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life. For no condition is more hateful or despicable, than his who has put himself in the power of his servant; in the power of him whom, perhaps, he has first corrupted by making him subservient to his vices, and whose fidelity he therefore cannot enforce by any precepts of honesty or reason. It is seldom known that authority thus acquired, is possessed without insolence, or that the master is not forced to confess by his tameness or forbearance, that he has enslaved himself by Some foolish confidence. And his crime is equally punished, whatever part he takes of the choice to which he is reduced; and he is from that fatal hour, in which he sacrificed his dignity to his passions, in perpetual dread of insolence or defamation; of a controller at home, or an accuser abroad. He is condemned to purchase, by continual bribes, that secrecy which bribes never secured, and which, after a long course of submission, promises, and anxieties, he will find violated in a fit of rage, or in a frolic of drunkenness. To dread no eye, and to suspect no tongue, is the great prerogative of innocence; an exemption granted only to invariable virtue. But, guilt has always its horrors and solicitudes; and to make it yet more shameful and detestable, it is doomed often to stand in awe of those, to whom nothing could give influence or weight, but their power of betraying.

NO. 69. TUESDAY, NOVEMBER 13, 1750

Flet quoque, ut in speculo rugas adspexit aniles, Tyndaris; et secum, cur sit bis rapta, requirit. Tempus edax rerum, tuque invidiosa vetustas Omnia destruitis; vitiataque dentibus aevi Paulatim lenta consumitis omnia morte. — OvID.

The dreadful wrinkles when poor Helen spy'd,
Ah! why this second rape? — with tears she cry’d.
Time, thou devourer, and thou envious age,
Who all destroy with keen corroding rage,
Beneath your jaws, whate'er have pleas'd or please,
Must sink, consum'd by swift or slow degrees.
— ELPHINSTON.

An old Greek epigrammatist, intending to show the miseries that attend the last stage 9f man, imprecates upon those who are so foolish as to wish for long life, the calamity of continuing to grow old from century to century. He thought that no adventitious or foreign pain was requisite; that decrepitude itself was an epitome of whatever is dreadful; and nothing could be added to the curse of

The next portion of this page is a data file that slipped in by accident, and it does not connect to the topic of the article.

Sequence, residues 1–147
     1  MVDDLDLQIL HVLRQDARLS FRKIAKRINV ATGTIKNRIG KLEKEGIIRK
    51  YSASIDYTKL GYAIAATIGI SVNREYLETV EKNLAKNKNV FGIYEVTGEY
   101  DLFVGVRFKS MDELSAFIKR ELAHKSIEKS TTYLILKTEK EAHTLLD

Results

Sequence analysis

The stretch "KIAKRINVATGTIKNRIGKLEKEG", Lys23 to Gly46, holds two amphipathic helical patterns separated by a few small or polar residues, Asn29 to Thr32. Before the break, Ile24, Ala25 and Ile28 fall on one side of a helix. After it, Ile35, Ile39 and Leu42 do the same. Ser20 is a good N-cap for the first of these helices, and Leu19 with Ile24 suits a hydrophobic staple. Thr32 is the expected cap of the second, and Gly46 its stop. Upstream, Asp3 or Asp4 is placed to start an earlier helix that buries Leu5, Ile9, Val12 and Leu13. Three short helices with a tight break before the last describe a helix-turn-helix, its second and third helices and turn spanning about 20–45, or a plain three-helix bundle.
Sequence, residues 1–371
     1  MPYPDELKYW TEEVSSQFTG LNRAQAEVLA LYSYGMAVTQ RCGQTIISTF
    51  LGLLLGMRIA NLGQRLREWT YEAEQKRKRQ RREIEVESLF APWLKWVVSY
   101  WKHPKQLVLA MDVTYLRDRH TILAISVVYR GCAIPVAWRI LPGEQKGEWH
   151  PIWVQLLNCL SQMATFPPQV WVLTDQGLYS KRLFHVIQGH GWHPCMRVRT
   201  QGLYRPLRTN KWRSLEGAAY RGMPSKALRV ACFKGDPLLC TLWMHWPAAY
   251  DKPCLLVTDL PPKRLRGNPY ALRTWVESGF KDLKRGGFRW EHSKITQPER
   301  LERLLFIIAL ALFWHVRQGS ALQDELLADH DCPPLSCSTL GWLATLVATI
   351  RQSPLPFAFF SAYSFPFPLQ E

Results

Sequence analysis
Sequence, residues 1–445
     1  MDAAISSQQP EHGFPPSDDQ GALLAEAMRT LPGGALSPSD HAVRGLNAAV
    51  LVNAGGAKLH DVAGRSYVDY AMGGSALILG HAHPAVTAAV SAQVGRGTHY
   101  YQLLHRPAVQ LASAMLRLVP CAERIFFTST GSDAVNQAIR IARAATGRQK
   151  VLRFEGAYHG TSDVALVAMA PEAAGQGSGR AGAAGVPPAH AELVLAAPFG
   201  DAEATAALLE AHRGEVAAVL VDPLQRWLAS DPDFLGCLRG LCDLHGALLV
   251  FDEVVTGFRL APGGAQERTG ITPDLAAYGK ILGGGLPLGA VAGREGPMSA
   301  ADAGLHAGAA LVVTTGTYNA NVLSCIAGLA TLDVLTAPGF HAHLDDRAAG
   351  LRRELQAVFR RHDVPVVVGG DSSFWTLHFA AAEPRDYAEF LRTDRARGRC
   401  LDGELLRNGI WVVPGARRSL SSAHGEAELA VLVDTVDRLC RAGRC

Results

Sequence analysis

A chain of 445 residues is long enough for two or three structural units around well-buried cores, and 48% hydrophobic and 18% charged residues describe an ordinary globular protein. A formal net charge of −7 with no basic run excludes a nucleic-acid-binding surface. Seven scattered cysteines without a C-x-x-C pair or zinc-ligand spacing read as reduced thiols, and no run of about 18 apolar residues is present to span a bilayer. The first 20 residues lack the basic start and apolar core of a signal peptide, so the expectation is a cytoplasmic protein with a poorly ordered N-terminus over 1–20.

age, but that it should be extended beyond its natural limits. The most indifferent or negligent spectator can indeed scarcely retire without heaviness of heart, from a view of the last scenes of the tragedy of life, in which he finds those, who in the former parts of the drama, were distinguished by opposition of conduct, contrariety of designs, and dissimilitude of personal qualities, all involved in one common distress, and all struggling with affliction which they cannot hope to overcome. The other miseries, which waylay our passage through the world, wisdom may escape, and fortitude may conquer: by caution and circumspection we may steal along with very little to obstruct or incommode us; by spirit and vigour we may force a way, and reward the vexation of contest by the pleasures of victory. But a time must come when our policy and bravery shall be equally useless; when we shall all sink into helplessness and sadness, without any power of receiving solace from the pleasures that have formerly delighted us, or any prospect of emerging into a second possession of the blessings that we have lost. The industry of man has, indeed, not been wanting in endeavours to procure comforts for these hours of dejection and melancholy, and to gild the dreadful gloom with artificial light. The most usual support of old age is wealth. He whose possessions are large, and whose chests are full, imagines himself always fortified against invasions on his authority. If he has lost all other means of government, if his strength and his reason fail him, he can at last alter his will; and therefore all that have hopes must likewise have fears, and he may still continue to give laws to such as have not ceased to regard their own interest. This is, indeed, too frequently the citadel of the dotard, the last fortress to which age retires, and in which he makes the stand against the upstart race that seizes his domains, disputes his commands, and cancels his prescriptions. But here, though there may be safety, there is no pleasure; and what remains is but a proof that more was once possessed. Nothing seems to have been more univer. sally dreaded by the ancients than orbity, or want of children; and, indeed, to a man who has survived all the companions of his youth, all who have participated his pleasures and his cares, have been engaged in the same events, and filled their minds with the same conceptions, this full-peopled world is a dismal solitude. He stands forlorn and silent, neglected or insulted, in the midst of multitudes, animated with hopes which he cannot share, and employed in business which he is no longer able to forward or retard; nor can he find any to whom his life or his death are of importance, unless he has secured some domestic gratifications, some tender employments, and endeared himself to some whose interest and gratitude may unite them to him. So different are the colours of life as we look forward to the future, or backward to the past; and so different the opinions and sentiments which this contrariety of appearance naturally produces, that the conversation of the old and young ends generally with contempt or pity on either side. To a young man entering the world with fulness of hope, and ardour of pursuit, nothing is so unpleasing as the cold caution, the faint expectations, the scrupulous diffidence, which experience and disappointments certainly infuse; and the old wonders in his turn that the world never can grow wiser, that neither precepts, nor testimonies can cure boys of their credulity and sufficiency; and that no one can be convinced that snares are laid for him, till he finds himself entangled. Thus one generation is always the scorn and wonder of the other, and the notions of the old and young are like liquors of different gravity and texture which never can unite. The spirits of youth sublimed by health, and volatilised by passion, soon leave behind them the phlegmatic sediment of weariness and deliberation, and burst out in temerity and enterprise. The tenderness therefore which nature infuses, and which long habits of beneficence confirm, is necessary to reconcile such opposition; and an old man must be a father to bear with patience those follies and absurdities which he will perpetually imagine himself to find in the schemes and expectations, the pleasures and the sorrows, of those who have not yet been hardened by time, and chilled by frustration. Yet it may be doubted, whether the pleasure of seeing children ripening into strength, be not overbalanced by the pain of seeing some fall in their blossom, and others blasted in their growth; some shaken down with storms, some tainted with cankers, and some shrivelled in the shade; and whether he that extends his care beyond himself, does not multiply his anxieties more than his pleasures, and weary